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“One night in May, Marianne’s friend Sophie threw a house party to celebrate the end of the exams. Her parents were in Sicily or somewhere like that. Connell still had an exam left at the time, but he wasn’t worried about it, so he came along too. All their friends were there, partly because Sophie had a heated swimming pool in her basement. They spent most of the night in their swimsuits, dipping in and out of the water, drinking and talking. Marianne sat at the side with a plastic cup of wine, while some of the others played a game in the pool. It seemed to involve people sitting on other people’s shoulders and trying to knock each other into the water. Sophie got up onto Connell’s shoulders for the second match, and said appreciatively: That’s a nice solid torso you have. Marianne looked on, slightly drunk, admiring the way Sophie and Connell looked together, his hands on her smooth brown shins, and feeling a strange sense of nostalgia for a moment that was already in the process of happening. Sophie looked over at her then.
No need to worry, Marianne, she called. I’m not going to steal him away.
Marianne thought Connell would gaze off into the water, pretending not to hear, but instead he looked around at her and smiled.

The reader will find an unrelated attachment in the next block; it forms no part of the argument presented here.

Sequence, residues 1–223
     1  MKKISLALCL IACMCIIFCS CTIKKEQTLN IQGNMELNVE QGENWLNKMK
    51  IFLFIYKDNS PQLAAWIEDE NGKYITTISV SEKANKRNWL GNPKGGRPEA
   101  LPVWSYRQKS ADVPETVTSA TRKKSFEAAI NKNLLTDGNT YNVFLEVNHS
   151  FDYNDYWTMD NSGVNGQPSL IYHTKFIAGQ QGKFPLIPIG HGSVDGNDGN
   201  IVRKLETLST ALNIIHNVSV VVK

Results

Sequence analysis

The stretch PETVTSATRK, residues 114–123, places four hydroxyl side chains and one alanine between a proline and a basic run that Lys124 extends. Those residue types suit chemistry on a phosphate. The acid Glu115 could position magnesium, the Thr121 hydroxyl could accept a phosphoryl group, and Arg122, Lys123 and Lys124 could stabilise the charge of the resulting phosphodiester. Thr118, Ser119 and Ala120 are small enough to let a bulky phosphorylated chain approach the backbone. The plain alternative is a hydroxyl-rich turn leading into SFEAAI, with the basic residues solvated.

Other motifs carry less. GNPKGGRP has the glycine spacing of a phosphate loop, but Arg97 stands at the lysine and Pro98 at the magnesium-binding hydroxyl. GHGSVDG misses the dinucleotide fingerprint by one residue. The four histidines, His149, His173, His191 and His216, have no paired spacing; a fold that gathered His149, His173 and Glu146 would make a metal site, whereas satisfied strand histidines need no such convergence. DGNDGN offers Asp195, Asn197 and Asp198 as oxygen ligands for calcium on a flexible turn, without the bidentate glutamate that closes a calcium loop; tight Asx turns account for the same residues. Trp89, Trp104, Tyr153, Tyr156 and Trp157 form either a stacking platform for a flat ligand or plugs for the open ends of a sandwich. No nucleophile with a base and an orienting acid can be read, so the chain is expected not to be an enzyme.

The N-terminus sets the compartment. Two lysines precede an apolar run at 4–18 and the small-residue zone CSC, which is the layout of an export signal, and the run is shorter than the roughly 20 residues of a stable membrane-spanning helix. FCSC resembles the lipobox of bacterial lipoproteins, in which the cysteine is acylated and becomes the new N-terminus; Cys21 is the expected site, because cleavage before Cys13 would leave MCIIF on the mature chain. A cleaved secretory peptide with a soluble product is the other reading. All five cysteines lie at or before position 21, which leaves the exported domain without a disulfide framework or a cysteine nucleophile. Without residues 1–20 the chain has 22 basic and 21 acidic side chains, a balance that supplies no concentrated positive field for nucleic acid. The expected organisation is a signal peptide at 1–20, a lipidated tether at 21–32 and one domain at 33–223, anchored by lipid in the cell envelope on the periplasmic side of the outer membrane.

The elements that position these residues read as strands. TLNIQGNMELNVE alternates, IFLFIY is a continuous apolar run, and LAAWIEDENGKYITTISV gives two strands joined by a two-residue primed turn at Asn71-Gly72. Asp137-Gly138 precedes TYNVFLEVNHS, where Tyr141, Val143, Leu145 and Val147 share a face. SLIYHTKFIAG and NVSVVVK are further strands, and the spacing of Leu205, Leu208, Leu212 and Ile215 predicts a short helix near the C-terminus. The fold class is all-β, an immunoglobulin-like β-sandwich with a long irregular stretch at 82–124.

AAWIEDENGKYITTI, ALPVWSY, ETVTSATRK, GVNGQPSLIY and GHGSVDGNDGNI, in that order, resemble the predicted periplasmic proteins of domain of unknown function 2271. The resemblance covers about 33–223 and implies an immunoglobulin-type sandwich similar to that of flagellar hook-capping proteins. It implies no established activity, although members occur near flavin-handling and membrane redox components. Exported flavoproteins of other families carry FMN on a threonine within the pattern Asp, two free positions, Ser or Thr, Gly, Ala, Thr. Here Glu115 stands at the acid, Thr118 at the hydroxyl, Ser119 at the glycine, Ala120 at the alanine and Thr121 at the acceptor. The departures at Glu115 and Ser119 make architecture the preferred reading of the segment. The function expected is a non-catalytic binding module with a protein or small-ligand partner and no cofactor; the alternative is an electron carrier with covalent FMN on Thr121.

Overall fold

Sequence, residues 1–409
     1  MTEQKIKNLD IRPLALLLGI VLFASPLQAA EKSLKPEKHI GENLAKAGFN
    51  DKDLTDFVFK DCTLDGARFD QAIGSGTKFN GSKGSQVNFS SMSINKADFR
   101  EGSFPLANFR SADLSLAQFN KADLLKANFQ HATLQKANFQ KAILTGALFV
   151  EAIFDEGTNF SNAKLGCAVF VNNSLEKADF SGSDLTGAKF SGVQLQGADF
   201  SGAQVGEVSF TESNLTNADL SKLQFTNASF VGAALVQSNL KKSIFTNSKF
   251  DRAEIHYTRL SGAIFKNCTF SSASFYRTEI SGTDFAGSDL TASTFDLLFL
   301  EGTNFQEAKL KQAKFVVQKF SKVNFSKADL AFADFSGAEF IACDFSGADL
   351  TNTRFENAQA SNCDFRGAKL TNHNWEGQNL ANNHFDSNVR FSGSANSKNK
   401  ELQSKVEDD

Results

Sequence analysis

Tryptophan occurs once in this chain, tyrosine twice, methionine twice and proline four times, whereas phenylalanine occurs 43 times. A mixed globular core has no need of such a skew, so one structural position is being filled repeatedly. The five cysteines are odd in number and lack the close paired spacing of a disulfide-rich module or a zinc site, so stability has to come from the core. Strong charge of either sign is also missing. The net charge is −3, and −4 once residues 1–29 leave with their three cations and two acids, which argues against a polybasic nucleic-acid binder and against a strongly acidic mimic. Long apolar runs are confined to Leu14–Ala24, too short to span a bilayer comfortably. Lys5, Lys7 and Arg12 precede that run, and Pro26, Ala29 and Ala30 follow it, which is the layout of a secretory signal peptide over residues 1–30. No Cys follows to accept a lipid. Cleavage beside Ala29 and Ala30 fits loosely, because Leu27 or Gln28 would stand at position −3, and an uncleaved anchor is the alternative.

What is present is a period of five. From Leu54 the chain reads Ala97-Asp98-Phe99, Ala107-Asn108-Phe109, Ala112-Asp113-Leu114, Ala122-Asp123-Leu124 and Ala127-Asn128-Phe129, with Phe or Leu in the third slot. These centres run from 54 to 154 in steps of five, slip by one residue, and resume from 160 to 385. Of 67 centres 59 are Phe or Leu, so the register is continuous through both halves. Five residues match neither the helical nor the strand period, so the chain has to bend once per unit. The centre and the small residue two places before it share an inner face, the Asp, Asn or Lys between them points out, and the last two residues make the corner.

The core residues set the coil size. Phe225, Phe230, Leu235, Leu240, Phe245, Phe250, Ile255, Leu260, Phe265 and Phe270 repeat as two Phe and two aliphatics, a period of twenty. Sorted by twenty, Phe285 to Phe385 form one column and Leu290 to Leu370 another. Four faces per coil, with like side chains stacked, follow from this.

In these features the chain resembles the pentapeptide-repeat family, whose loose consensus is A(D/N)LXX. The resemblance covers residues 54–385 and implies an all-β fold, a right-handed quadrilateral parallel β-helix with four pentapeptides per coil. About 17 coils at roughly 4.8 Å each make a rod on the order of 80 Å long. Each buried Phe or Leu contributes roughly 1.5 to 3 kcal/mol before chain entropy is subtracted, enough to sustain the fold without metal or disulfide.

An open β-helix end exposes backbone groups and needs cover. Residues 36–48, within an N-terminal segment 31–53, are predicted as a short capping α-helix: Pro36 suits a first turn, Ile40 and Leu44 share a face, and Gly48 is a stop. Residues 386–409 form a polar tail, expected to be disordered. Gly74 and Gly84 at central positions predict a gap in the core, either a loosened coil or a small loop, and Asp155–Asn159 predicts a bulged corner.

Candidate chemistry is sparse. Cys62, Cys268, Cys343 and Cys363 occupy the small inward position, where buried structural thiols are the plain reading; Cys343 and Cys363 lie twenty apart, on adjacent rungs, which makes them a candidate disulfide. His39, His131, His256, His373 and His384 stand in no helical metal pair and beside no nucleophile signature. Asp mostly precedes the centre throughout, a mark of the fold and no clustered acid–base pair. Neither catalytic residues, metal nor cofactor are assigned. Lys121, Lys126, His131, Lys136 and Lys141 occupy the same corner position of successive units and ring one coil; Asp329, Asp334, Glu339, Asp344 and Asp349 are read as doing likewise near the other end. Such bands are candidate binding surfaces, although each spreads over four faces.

She’s not worried, he said.
She didn’t know what that meant, really, but she smiled, and then the game began. She felt happy to be surrounded by people she liked, who liked her. She knew that if she wanted to speak, everyone would probably turn around and listen out of sincere interest, and that made her happy too, although she had nothing at all to say.
After the game was finished Connell came over to her, standing in the water where her legs were dangling. She looked down at him benignly. I was admiring you, she said. He pushed his wet hair back from his forehead. You’re always admiring me, he said. She kicked her leg at him gently and he put his hand around her ankle and stroked it with his fingers. You and Sophie make an athletic team, she said. He kept stroking her leg under the water. It felt very nice. The others were calling him back to the deeper end then, they wanted to have another game. You’re alright, he said. I’m having a break for this round. Then he hopped up onto the side of the pool, beside her. His body was glistening wet. He put his hand flat on the tiles behind her to steady himself.
Come here, he said.
He put his arm around her waist. He had never, ever touched her in front of anyone else before. Their friends had never seen them together like this, no one had. In the pool the others were still splashing and yelling.
That’s nice, she said.
He turned his head and kissed her bare shoulder. She laughed again, shocked and gratified. He glanced back out at the water and then looked at her.
You’re happy now, he said. You’re smiling.
You’re right, I am happy.
He nodded towards the pool, where Peggy had just fallen into the water, and people were laughing.
Is this what life is like? Connell said.
She looked at his face, but she couldn’t tell from his expression if he was pleased or miserable. What do you mean? she said. But he only shrugged. A few days later he told her he was leaving Dublin for the summer.”